ENGLISH POETRY 1579-1830: SPENSER AND THE TRADITION
Anonymous, "Address to a Copy of Clare's Poems, sent to Octavius Gilchrist, Esq." Morning Post (23 March 1820).
1820: John Taylor, publisher
1820: A Lady
1820: Rev. Chauncy Hare Townshend
1820: A Well-wisher to Merit
1820: John Keats
1820: Robert Southey
1820: A Friend to Deserving Genius
1820: Octavius Graham Gilchrist
1821: Edward Phillips of Melksham
1821: Octavius Graham Gilchrist
1822: Charles Lamb
1822 ca.: Charles Abraham Elton
1822: Thomas Stott
1823: John Taylor, publisher
1824: Jacob Jones
1825 ca.: Jacob Jones
1826: Richard Ryan
1829: John Clare
1829: Rev. Henry Francis Cary
1829: Eliza L. Emmerson
1830: Eliza L. Emmerson
1831: John Wilson
1838: Thomas Campbell
1839: Thomas Hood
1851: Dr. David Macbeth Moir
1852: Mary Russell Mitford
1866: Bryan Waller Procter
1871: S. C. Hall
1882: Margaret Oliphant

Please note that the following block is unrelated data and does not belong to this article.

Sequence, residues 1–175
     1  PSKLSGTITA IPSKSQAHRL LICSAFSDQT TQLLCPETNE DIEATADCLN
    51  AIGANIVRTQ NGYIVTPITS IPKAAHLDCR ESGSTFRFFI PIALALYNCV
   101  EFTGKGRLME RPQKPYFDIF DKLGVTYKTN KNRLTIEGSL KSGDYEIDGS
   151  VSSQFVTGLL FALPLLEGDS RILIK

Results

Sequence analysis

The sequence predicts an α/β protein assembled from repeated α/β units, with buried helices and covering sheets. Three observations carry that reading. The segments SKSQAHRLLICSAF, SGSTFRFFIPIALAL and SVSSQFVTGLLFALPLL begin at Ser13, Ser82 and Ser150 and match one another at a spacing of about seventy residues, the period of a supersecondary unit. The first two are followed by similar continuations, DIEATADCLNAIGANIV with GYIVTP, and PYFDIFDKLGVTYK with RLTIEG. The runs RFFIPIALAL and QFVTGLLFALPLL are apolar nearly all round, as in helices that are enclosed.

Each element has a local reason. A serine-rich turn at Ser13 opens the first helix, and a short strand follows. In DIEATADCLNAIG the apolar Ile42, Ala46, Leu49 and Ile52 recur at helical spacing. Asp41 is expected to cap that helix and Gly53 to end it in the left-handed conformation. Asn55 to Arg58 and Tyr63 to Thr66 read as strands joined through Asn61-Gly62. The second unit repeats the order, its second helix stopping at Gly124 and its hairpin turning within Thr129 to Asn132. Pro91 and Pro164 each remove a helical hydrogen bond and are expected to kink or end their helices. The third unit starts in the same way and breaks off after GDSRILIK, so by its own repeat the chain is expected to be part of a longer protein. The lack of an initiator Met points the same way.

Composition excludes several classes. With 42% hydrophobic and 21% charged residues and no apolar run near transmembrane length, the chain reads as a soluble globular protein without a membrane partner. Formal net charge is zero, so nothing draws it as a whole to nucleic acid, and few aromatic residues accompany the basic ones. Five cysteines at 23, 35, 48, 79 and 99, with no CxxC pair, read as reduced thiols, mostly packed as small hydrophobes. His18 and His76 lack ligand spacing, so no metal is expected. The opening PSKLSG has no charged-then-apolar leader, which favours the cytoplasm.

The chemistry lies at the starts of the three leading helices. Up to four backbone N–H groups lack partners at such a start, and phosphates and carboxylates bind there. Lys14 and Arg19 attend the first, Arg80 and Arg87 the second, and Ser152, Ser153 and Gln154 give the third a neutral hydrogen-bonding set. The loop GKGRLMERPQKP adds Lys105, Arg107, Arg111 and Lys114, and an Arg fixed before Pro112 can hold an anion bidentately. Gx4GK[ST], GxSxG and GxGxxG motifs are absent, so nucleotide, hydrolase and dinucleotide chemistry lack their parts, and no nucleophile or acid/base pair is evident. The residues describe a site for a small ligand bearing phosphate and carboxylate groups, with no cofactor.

1882: Epes Sargent
To thine, and mine, our topmost friend,
I send thee, little Book; and know, too,
Thou wilt not wish, at journey's end,
A better sort of friends to go to.
They're none o' those, where pride prevails,
As fine to thee as they may seem;
Had'st thou for Author Prince of Wales,
Thou'dst meet no more from thine esteem.
And plain and simple as ye seem,
In value scarcely worth a groat,
I know ye'll meet a friend's esteem,
And doubtless get a gilded coat.
Lord knows, I could not choose but laugh,
To see ye fixed among your betters,
Upon the learned shelves set off,
And flashed about wi' golden letters.
And then — I know thy spark o' pride—
Set off in thy exalted station,
Strutting i' glass-case side to side,
'Mong wits of almost every nation.
Should thou and I chance meet again,
When all this kindess to thee's shown—
Thou'lt turn thy nose up wi' disdain,
And think't disgrace thy Dad to own.